UK Happenings

UK Engineering Sleepover, Camp Encourage Girls in STEM

WiE Explore: Women in Engineering Summer Camp. Produced by Eric Sanders at the University of Kentucky College of Engineering.

LEXINGTON, Ky. (May 10, 2019) The College of Engineering at the University of Kentucky is dedicated to inspiring the next generation of women in STEM. That's why the college has designed several K-12 outreach initiatives, two of which are being offered this spring and summer.

On May 18-19, girls from second  through fifth grade and their mothers, or other female role models, will take part in Go Girl! UK Engineering's sleepover (the 2019 event is sold out). This overnight event will feature hands-on activities intended to let creativity and imagination shine. Participants will even get to spend the night in Woodland Glen III — a UK residence hall where the Engineering Living Learning Program is housed.

Go Girl! offers a supportive environment to explore a new academic world — the world of engineering. Girls should leave the event with a better understanding of what engineering is and what engineers do, while ultimately gaining more confidence to play an active role in their STEM education.

"My hope is that by creating an enthusiastic, noncompetitive space for girls to have fun while learning, they can see that engineering is truly a dynamic and creative career choice," Micaha Hughes, director of outreach and community engagement with UK Engineering, said. "Many of the participants will have never been on a college campus, and they get to spend the night here while having a familiar face with them the whole time."

Hughes, who graduated from UK in 2015, is the first director of outreach and community engagement for the college. The recently created position reflects the increased commitment to engineering outreach efforts, particularly to young females.

In addition to leading Women in Engineering (WiE) workshops, Hughes took a more ambitious step in the summer of 2018 — a weeklong residential camp called WiE Explore.

"Academic learning is only part of the equation for major selection and eventual student success. The residential camp allows for additional social engagement and campus acclimation opportunities for participants, to help them strengthen their engineering identity and make UK feel like a place they can call home in future years," Hughes said.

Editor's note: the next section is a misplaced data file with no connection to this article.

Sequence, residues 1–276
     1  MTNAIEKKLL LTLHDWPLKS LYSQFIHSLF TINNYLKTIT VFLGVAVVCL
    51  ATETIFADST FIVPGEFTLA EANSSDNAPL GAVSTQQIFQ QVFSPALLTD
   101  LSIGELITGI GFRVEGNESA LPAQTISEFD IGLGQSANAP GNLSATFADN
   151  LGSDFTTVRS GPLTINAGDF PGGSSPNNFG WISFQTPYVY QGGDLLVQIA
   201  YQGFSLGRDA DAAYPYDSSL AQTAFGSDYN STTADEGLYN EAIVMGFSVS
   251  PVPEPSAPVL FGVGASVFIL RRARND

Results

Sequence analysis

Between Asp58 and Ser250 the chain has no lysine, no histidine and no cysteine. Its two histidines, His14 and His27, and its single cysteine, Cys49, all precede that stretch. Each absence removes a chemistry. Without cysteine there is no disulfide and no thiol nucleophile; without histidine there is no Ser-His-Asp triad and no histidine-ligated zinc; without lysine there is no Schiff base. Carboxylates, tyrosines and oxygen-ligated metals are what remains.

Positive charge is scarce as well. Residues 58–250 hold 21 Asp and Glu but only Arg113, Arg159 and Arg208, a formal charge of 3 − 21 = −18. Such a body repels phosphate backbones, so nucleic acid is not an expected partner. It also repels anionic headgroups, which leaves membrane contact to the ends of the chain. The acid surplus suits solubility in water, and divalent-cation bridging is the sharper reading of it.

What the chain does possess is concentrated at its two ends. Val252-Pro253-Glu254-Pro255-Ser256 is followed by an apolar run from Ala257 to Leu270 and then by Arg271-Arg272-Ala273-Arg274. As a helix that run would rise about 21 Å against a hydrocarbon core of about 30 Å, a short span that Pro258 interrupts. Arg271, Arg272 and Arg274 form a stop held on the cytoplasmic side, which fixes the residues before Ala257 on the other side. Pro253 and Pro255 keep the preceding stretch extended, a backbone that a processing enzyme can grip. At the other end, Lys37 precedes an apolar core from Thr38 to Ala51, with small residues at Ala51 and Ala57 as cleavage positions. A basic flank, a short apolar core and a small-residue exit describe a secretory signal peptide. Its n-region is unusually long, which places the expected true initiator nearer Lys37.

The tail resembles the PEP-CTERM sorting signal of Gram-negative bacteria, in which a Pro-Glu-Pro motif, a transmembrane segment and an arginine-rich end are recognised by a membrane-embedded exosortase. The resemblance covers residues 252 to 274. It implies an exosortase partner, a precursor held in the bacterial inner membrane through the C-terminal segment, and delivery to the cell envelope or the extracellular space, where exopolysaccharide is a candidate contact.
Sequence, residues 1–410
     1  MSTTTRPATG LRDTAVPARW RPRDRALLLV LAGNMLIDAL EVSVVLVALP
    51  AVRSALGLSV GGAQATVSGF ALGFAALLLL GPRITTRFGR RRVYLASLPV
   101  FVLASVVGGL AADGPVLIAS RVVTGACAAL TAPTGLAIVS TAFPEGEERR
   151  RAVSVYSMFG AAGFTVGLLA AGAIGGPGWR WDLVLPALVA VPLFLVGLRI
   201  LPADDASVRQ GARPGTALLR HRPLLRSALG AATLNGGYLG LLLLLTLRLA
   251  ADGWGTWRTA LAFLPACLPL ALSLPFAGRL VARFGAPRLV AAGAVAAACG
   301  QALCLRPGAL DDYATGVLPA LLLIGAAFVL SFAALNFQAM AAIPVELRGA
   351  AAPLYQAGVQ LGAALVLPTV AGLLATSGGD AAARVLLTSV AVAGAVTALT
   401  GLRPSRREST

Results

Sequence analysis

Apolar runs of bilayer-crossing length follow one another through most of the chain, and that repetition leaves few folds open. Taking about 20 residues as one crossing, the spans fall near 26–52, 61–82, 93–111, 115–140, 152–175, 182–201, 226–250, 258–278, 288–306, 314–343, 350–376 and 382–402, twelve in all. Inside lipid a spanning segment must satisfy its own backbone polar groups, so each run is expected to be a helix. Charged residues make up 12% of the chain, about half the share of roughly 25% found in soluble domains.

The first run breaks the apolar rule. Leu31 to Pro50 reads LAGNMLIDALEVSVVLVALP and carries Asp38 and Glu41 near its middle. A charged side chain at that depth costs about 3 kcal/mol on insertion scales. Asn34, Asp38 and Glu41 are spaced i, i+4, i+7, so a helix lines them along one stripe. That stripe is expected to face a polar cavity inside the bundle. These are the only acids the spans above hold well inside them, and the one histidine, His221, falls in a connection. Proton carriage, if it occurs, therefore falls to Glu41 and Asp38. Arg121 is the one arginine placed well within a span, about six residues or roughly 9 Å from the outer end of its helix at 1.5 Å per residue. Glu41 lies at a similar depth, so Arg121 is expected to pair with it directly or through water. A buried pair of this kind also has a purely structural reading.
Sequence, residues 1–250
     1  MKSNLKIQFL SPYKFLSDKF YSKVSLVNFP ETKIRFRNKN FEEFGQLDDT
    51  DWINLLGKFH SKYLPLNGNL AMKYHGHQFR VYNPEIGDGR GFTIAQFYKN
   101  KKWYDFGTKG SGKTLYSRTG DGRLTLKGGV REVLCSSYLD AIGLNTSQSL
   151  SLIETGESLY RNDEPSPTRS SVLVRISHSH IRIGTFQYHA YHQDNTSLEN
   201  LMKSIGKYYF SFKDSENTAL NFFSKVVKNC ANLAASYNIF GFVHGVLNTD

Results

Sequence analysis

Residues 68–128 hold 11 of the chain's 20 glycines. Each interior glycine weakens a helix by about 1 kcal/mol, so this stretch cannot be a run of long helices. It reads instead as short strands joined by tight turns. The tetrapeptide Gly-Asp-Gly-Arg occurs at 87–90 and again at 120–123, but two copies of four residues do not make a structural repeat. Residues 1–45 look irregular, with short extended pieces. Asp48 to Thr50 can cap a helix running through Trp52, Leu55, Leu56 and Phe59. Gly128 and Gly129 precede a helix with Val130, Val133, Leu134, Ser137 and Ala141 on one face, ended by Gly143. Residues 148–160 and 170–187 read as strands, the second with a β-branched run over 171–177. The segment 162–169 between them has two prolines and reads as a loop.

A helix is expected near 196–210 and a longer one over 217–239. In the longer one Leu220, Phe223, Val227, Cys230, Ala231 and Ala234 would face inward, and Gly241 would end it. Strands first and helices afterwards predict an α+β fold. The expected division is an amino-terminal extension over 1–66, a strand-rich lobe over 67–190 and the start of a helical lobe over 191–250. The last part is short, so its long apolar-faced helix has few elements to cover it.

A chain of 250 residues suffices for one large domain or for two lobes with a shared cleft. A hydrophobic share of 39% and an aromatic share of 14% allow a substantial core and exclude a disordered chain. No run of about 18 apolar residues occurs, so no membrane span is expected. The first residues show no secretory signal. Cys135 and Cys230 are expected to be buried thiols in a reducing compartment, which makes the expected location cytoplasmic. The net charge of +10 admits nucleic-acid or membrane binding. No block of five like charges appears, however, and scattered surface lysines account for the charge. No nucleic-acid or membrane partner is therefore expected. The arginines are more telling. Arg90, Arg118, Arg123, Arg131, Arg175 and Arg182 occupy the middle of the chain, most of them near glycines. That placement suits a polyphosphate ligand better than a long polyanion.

From June 16-22, high school girls are invited take part in WiE Explore. Campers will get a glimpse of life on campus, while learning more about all nine UK engineering majors. The week will also feature hands-on activities, such as designing metal alloy UK logos in materials engineering.

"This was a really unique experience, to be able to explore different disciplines for multiple hours," Alana, a former WiE Explore participant, said. "It was great being there for a whole week, learning about engineering and getting a taste for what college engineering would be like — without being too overwhelmed."

In addition to academic programming, WiE Explore offers recreational and social activities that mirror the undergraduate experience. Campers will visit local engineering companies and meet professional female engineers, while also forming close friendships.

"It’s belief, not ability, that makes girls think STEM is not for them," Hughes said. "If we can create space for girls to feel confident in STEM, we will all benefit from more diverse teams with better ideas and more innovation."

For more information, including pricing and registration for WiE Explore, please visit the UK Engineering website or contact Hughes.

Photo of students at WiE Explore Camp
Photo by Eric Sanders | UK Engineering.

The University of Kentucky is increasingly the first choice for students, faculty and staff to pursue their passions and their professional goals. In the last two years, Forbes has named UK among the best employers for diversity and INSIGHT into Diversity recognized us as a Diversity Champion two years running. UK is ranked among the top 30 campuses in the nation for LGBTQ* inclusion and safety. The Chronicle of Higher Education judged us a “Great College to Work for,”  and UK is among only 22 universities in the country on Forbes' list of "America's Best Employers."  We are ranked among the top 10 percent of public institutions for research expenditures — a tangible symbol of our breadth and depth as a university focused on discovery that changes lives and communities. And our patients know and appreciate the fact that UK HealthCare has been named the state’s top hospital for three straight years. Accolades and honors are great. But they are more important for what they represent: the idea that creating a community of belonging and commitment to excellence is how we honor our mission to be not simply the University of Kentucky, but the University for Kentucky.